Many students start their dental school application process a year before graduation. Here are some things you'll need to include in your application:
The application form
An official college transcript
A personal essay
Four letters of recommendation
A resume or CV
Your DAT scores
Proof of your job shadowing hours
An application fee, in addition to possible supplemental fees
7. Complete an admissions interview
Once you've applied to dental school, you may be contacted for an interview. Prepare for your interview by thinking about your personal strengths and communication skills. Interviewers tend to ask questions about your personality and desire to help others.
Practicing your responses with a friend beforehand may help you relax during the interview. You should find out if you were accepted into your program of choice shortly after your interview.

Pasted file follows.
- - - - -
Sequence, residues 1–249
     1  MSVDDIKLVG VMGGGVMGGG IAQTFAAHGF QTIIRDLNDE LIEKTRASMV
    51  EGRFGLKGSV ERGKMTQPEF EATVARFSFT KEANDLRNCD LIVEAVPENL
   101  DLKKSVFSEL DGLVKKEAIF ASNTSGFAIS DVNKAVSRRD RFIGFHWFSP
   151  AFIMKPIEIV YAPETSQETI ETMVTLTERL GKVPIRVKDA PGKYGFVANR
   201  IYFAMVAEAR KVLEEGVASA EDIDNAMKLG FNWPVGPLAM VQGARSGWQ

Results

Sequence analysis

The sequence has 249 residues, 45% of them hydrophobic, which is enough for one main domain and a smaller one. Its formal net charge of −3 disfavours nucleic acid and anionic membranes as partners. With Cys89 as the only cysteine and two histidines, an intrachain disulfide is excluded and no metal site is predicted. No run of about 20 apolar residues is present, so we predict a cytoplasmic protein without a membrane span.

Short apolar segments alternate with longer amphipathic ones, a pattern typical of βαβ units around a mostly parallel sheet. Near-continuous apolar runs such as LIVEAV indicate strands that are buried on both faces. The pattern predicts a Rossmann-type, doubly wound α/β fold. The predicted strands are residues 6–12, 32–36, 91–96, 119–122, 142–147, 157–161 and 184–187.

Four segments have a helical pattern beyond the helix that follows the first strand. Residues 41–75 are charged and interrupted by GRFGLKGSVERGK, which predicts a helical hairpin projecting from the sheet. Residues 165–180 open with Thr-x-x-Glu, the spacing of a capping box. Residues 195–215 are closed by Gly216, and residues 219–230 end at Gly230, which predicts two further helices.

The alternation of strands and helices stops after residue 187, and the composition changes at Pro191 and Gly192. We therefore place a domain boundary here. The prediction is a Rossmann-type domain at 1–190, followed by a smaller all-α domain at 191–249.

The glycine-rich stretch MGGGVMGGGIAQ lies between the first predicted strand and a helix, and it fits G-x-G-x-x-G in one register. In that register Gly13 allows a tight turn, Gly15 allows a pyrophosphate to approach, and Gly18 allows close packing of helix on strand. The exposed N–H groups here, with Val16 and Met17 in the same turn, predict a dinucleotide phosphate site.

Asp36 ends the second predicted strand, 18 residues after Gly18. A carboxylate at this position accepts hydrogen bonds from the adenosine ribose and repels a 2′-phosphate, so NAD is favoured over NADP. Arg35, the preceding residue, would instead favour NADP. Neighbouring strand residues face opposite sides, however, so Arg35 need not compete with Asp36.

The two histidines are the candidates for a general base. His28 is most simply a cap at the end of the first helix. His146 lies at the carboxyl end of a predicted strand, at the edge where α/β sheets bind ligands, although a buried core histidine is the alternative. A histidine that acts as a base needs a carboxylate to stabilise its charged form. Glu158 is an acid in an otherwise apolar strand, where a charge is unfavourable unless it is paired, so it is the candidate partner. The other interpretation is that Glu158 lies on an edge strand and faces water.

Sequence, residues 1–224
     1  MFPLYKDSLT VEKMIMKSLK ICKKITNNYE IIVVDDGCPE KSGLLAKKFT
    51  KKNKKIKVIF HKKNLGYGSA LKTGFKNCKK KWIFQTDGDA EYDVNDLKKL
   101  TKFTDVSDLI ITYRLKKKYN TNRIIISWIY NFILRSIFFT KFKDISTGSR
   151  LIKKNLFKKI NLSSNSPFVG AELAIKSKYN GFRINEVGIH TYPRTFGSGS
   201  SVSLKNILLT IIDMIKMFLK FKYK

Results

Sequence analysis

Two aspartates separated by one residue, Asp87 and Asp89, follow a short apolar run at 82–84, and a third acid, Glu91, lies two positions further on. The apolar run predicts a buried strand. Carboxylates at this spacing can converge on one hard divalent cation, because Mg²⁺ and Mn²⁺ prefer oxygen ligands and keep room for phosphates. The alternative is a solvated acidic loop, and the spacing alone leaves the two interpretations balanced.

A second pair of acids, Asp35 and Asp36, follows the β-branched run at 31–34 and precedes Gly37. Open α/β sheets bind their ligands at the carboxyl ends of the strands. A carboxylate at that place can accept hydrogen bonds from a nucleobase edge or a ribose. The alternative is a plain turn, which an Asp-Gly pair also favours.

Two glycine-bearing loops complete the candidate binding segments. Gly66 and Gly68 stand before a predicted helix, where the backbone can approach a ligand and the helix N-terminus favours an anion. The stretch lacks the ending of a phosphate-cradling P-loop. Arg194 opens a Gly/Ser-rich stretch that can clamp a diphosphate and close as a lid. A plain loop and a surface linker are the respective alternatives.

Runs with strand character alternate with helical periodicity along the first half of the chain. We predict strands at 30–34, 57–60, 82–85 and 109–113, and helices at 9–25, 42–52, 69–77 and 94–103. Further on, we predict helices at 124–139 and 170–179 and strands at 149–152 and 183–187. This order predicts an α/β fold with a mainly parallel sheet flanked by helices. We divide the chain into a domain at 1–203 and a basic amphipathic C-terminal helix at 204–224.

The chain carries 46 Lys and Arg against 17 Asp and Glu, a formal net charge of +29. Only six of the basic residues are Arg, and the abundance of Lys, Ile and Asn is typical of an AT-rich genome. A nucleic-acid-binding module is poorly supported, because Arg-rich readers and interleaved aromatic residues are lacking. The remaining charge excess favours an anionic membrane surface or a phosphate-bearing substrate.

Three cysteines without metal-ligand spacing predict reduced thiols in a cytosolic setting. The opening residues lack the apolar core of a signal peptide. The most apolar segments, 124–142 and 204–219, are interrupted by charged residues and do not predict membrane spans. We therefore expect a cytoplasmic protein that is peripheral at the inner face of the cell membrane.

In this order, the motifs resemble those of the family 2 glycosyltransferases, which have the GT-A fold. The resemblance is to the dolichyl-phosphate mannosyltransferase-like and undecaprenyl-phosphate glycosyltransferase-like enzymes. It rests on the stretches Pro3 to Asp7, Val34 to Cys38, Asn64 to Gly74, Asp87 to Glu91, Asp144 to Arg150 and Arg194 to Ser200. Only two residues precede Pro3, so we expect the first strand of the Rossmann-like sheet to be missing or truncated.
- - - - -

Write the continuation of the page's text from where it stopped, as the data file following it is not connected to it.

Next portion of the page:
Dental school FAQs
The following are answers to some frequently asked questions about requirements for dental school:
Can I get into dental school without a college degree?
No. While your post-secondary education doesn’t need to be dental field-related, you’ll need at least a bachelor’s degree to apply to dental school.
What GPA do you need for dental school?
To be accepted in a competitive dental program, you’ll want to maintain a college GPA of at least 3.2.
What is the best major for dental school?
Biology, chemistry and pre-med are helpful majors for dental school candidates and may result in needing to take fewer courses in dental school. Keep in mind it typically takes four years to pursue a bachelor’s degree and another four years to complete dental school.
Read more: How To Become a Dentist